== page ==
The burka argument

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The burka argument

Post by DSN on Sat May 19, 2012 3:00 pm

The main two arguments against it are "it's not part of our customs and culture" and "it's oppressive to women". Arguing on the premise that it is a choice, how do we expand on "it's not part of our culture"? Wearing multicoloured top hats with sunflowers and flashing lights on them isn't part of any culture I know of, but would we ban someone from wearing one of those too? I live in a very Muslim area, but don't actually see too many women wearing these. One that covers the hair, neck etc. and exposes the face I can deal with, but seeing people walk around looking like klan members really bugs me for some reason other than its sexist/oppressive connotations (towards both sexes).



Funny how the Muslim woman in the burka says that she wears it to fight against systematic sexism and its effects on women (crazy diets, plastic surgery etc.). So our solution to an image-based society is to cover everyone up? I suppose if people are discriminated because of how their voices sound we should stop people from talking.

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Re: The burka argument

Post by Modgardener on Mon May 21, 2012 12:19 pm

Why would wearing a burqa be offensive to anyone? At the same time I do not think the wearing of crucifixes of symbols of Christianity should be regarded as offensive either. Each are symbols of someones faith and culture, and providing it does not harm anyone, each and every one of us should be free to wear symbols of that culture.

Regarding the womens rights issues, such a cmpaign should I feel be led by Muslim, or former Muslim women.
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Re: The burka argument

Post by Balkan Beast on Mon May 21, 2012 5:28 pm

I dislike burkas for the following reasons.
1) It hides the identity of the person.
2) It isn't of my culture, not a great reason I know but that is it. I haven't seen many people wear burkas though, muslims in the balkans don't follow these types of practices, just like the turks.

To ban it though doesn't make sense, if people want to wear a burka that's fine. It is undeniable though to say that women are not oppressed under shariah law though. As long as it is a personal choice to wear it I am fine with it, but to argue that it somehow supports women's rights is not something I agree with. It doesn't do anything either way.

To compare this to wearing a crucifix though does not follow either, at least keep this to religious clothing.. Maybe compare it to how jews are allowed to wear their religious clothing while muslims are not allowed.
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Re: The burka argument

Post by Modgardener on Tue May 22, 2012 1:46 pm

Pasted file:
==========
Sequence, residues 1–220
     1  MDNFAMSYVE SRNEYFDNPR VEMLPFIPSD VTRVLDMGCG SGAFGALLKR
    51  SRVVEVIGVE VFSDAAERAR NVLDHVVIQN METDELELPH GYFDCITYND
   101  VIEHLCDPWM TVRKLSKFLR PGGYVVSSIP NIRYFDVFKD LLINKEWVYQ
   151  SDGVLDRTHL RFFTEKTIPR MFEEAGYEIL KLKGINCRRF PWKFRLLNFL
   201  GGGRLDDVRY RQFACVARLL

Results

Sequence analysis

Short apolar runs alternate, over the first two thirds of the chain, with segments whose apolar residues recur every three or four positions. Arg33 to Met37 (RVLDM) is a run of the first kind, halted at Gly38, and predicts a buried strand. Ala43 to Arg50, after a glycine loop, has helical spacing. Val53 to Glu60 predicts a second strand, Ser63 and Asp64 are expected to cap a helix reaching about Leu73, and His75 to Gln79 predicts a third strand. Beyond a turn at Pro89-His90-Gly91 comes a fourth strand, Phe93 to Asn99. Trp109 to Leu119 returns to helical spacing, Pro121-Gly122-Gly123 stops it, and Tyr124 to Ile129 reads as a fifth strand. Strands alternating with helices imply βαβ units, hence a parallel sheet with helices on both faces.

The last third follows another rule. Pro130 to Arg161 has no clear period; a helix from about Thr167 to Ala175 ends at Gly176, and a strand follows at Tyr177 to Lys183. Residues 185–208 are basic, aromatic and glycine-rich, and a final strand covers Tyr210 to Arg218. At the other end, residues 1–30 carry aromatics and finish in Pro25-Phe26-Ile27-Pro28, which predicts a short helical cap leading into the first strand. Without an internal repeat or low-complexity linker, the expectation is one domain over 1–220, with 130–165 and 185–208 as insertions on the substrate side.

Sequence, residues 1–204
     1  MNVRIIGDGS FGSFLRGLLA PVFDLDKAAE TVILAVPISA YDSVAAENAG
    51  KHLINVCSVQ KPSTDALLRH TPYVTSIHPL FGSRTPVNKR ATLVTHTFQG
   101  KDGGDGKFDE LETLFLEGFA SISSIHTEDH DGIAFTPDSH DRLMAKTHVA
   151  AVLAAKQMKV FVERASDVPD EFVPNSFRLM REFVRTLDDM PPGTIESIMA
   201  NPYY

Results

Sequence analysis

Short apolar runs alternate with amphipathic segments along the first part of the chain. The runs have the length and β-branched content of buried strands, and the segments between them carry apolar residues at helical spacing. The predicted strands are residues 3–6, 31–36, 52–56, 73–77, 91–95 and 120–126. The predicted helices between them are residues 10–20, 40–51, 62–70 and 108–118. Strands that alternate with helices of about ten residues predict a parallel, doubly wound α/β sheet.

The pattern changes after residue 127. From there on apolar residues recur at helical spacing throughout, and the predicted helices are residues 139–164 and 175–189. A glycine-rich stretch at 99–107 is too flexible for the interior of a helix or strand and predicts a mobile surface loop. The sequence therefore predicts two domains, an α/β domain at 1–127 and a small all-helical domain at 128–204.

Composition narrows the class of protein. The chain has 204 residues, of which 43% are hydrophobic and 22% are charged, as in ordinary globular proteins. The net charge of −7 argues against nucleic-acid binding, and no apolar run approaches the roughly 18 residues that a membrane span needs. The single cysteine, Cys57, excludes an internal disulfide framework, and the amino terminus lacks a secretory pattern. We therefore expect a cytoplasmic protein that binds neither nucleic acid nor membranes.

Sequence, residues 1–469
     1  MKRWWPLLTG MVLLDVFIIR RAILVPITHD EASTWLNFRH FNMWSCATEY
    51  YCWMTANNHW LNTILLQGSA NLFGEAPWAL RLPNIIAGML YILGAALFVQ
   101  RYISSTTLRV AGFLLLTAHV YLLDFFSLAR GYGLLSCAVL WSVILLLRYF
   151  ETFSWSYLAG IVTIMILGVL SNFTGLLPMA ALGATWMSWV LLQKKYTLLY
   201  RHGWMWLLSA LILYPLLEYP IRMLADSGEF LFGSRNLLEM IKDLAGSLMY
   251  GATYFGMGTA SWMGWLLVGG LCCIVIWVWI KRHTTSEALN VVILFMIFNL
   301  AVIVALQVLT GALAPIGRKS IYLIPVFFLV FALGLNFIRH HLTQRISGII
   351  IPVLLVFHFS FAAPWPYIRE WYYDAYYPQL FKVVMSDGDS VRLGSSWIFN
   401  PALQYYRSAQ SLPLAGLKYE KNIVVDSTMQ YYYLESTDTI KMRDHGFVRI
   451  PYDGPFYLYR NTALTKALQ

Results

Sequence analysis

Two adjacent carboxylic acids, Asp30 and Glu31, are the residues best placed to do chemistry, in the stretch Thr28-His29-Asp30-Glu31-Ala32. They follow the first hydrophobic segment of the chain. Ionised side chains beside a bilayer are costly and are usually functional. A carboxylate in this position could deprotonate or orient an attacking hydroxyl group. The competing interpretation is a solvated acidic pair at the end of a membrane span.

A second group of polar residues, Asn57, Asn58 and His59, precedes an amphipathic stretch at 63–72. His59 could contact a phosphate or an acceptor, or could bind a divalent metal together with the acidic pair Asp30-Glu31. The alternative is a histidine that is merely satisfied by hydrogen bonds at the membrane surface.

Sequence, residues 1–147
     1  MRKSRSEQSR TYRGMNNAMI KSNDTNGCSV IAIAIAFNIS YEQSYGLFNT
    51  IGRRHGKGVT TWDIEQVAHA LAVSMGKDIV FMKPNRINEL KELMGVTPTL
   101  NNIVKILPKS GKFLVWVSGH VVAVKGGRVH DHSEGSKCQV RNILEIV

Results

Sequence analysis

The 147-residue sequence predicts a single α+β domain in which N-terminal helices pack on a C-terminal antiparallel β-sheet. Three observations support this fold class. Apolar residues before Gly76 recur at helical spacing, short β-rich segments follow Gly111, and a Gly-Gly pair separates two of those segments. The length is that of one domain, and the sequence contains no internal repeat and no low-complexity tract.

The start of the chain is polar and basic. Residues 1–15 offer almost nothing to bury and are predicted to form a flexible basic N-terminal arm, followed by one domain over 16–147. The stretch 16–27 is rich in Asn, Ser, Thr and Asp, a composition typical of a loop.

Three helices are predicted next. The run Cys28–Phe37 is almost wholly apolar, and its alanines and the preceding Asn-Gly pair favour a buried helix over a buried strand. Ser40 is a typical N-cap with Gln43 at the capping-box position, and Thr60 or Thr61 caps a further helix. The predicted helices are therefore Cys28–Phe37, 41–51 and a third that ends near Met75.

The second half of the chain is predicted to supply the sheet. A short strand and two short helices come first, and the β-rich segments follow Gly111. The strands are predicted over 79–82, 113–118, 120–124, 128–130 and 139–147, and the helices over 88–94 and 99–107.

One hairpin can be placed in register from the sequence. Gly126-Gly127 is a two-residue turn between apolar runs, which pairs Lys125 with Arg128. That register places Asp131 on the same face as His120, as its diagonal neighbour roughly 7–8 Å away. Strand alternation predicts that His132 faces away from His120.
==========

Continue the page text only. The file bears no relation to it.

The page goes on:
Balkan Beast wrote:To compare this to wearing a crucifix though does not follow either, at least keep this to religious clothing.. Maybe compare it to how jews are allowed to wear their religious clothing while muslims are not allowed.

Crucifixes have been banned as items of jewelery and as symbols at crematoriums. If talking of banning one item there are obviously other items that fall into the category of religious expression.
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Re: The burka argument

Post by Balkan Beast on Wed May 23, 2012 7:48 am

Modgardener wrote:Crucifixes have been banned as items of jewelery and as symbols at crematoriums. If talking of banning one item there are obviously other items that fall into the category of religious expression.

I wasn't aware of them being banned at crematoriums.
I know that crucifixes and other symbols have been banned in some schools, and other places though which I am against.

What's the point if it harms no one?
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Re: The burka argument

Post by elysium on Fri May 24, 2013 8:23 pm

I think many politicians are disingenuous on this issue, in claiming that they want it banned, when assimilation, at large is no longer required. There are subcultures scattered throughout the country. Why should they then have to assimilate their manner of dress?

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Re: The burka argument

Post by DSN on Fri May 24, 2013 10:54 pm

They are very torn between their own culture and Western culture because they can't keep to their own people. Muslim Asians coexisting with British culture are slowly losing their identity because their children often have little to no interest in it. Two cultures can't live on top of one another for too long without the minority either assimilating to the dominant culture or the subculture pushing to gain some degree of independence through establishing their own communities (as we can already see in parts of the UK). I'm not saying that Pakistani and other ethnic identities will be complete history a few generations from now though because immigrants moving into these areas and British people moving out of them tend to keep them alive and well. I'm not sure what will happen, but either way it creates a nice distraction that allows the government to get away with all sorts whilst we fight amongst ourselves and create unnecessary enemies.

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Re: The burka argument

Post by RedBrasil on Sat Jun 01, 2013 1:00 am

Burkas should be banned just like masks, it's bad for public security, you can commit a crime and no one will identify you. In secular countries we don't even have to talk about religion bullshit, in a pragmatic way of thinking this is bad, the end.
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Re: The burka argument

Post by TheocWulf on Sat Jun 01, 2013 7:19 am

If Muslim women want to wear a Burka in their own community's that's fine by me,but amongst the rest of us in the secular world then no.

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